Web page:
Considered the brains of the computer, it has a socket in the motherboard and is the single most important component. Be very delicate when handling this part because the pins can bend very easily and on the off chance that one is bent, fixing it is next to impossible and you'll probably have to buy a brand new one. Even though it's the most important part, it doesn’t have to be the most expensive. For example, if you’re a gamer on a budget and want 1080p gaming, you can find some good budget options. They usually include a cooler in the box but most people recommend getting a better cooler separately.
This is the central hub for all your parts. Almost everything plugs into the motherboard one way or another, and this is where the different parts can communicate with each other. Motherboards aren’t universal, you can get them in different sizes depending on your requirements, and with different sockets that are divided in LGA and AM. Without getting too much into the details, these change over time to indicate which generation of CPU is compatible and whether it’s an Intel or AMD supported board. It’s crucial to know which CPU you are buying first because that lets you figure out which motherboard is compatible with your CPU.
If you’re going to be gaming, video or photo editing, or even working on 3D applications, you will need a GPU. These focus on handling visual data such as gaming or rendering your video edits. It should be noted that due to COVID they will be difficult to be found at a reasonable price.
This is where all your data is saved. This is where you keep everything on your computer from games to movies, documents, photos, and the best part is, it’s expandable so you can add more storage. These come in two different major types which are Hard Disk Drives (HDD) and Solid-State Drives (SSD). HDD are cheaper with more storage but have moving parts which mean they have a higher chance of failing.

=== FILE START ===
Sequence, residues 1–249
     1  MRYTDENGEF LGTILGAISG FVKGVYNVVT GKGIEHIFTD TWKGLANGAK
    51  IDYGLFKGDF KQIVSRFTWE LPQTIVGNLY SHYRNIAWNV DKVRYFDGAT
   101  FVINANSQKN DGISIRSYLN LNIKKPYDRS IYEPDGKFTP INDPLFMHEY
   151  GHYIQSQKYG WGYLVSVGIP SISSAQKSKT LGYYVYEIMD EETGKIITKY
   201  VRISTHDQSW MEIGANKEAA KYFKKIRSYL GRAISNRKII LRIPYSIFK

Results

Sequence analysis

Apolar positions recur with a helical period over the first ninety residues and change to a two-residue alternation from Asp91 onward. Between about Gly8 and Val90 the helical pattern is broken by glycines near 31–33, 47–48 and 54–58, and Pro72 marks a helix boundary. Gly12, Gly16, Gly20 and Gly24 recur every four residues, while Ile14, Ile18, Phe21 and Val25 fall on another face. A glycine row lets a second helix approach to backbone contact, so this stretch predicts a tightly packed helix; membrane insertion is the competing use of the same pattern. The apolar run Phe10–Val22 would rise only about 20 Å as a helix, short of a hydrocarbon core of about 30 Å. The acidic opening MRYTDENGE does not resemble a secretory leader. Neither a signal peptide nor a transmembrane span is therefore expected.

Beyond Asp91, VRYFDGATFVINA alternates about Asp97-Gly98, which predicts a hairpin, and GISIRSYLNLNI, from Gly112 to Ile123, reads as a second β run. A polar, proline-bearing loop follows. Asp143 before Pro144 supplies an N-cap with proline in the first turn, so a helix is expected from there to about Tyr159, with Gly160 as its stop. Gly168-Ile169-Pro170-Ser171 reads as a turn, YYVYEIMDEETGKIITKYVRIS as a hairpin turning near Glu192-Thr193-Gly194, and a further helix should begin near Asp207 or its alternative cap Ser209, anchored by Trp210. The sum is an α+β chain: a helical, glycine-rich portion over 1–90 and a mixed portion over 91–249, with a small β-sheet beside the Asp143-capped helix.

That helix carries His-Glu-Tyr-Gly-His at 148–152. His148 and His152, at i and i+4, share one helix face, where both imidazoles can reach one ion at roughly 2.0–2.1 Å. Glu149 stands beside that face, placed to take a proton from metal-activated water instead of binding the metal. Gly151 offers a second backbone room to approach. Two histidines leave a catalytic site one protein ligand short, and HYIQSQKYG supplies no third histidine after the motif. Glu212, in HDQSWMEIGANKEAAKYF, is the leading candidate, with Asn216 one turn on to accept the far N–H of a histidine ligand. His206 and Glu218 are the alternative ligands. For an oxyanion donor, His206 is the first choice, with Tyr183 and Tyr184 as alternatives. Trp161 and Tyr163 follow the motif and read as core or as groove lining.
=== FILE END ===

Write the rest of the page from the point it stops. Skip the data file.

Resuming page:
On the other hand, SSD’s have no moving parts and this makes them more reliable but more expensive. But the best part about building a PC is you can have both which is what most people do. Windows and all your important data is put on the SSD and your movies, games, etc are stored on your hard drive but it should be noted SSD’s also have better performance so running your games off this will be more advantageous!
RAM is your short-term memory but it’s crucial because any software you open uses your RAM to temporarily store data so it can be retrieved quickly.
This provides electricity and power to all the components. The higher and faster your components, the more power you need so keep that in mind.
It’s exactly what it sounds like, it’s the box that holds all the parts. They come in a lot of different shapes and sizes, with glass panels or normal metal ones, wall-mounted or normal. It’s crucial to remember your motherboard and case should match in size - if you get a full-size motherboard and a mini case might not fit.
Last but not least is an operating system, Windows or Linux are your options here, but they don’t come with any of the parts - you will have to buy a license and a USB drive to install it.
These are the main components you’ll need, I’m not going to get into how to put it together just yet, because there are thousands of build guides, and how you put it together really depends on the parts you buy.
But it’s definitely an experience everyone should go through at least once, it can be complicated the first time around but over the years manufactures have simplified the process. If you are stuck in quarantine and can’t decide on what activity to take up this time around, I definitely recommend giving building a PC a shot - we might just even release a step by step guide soon!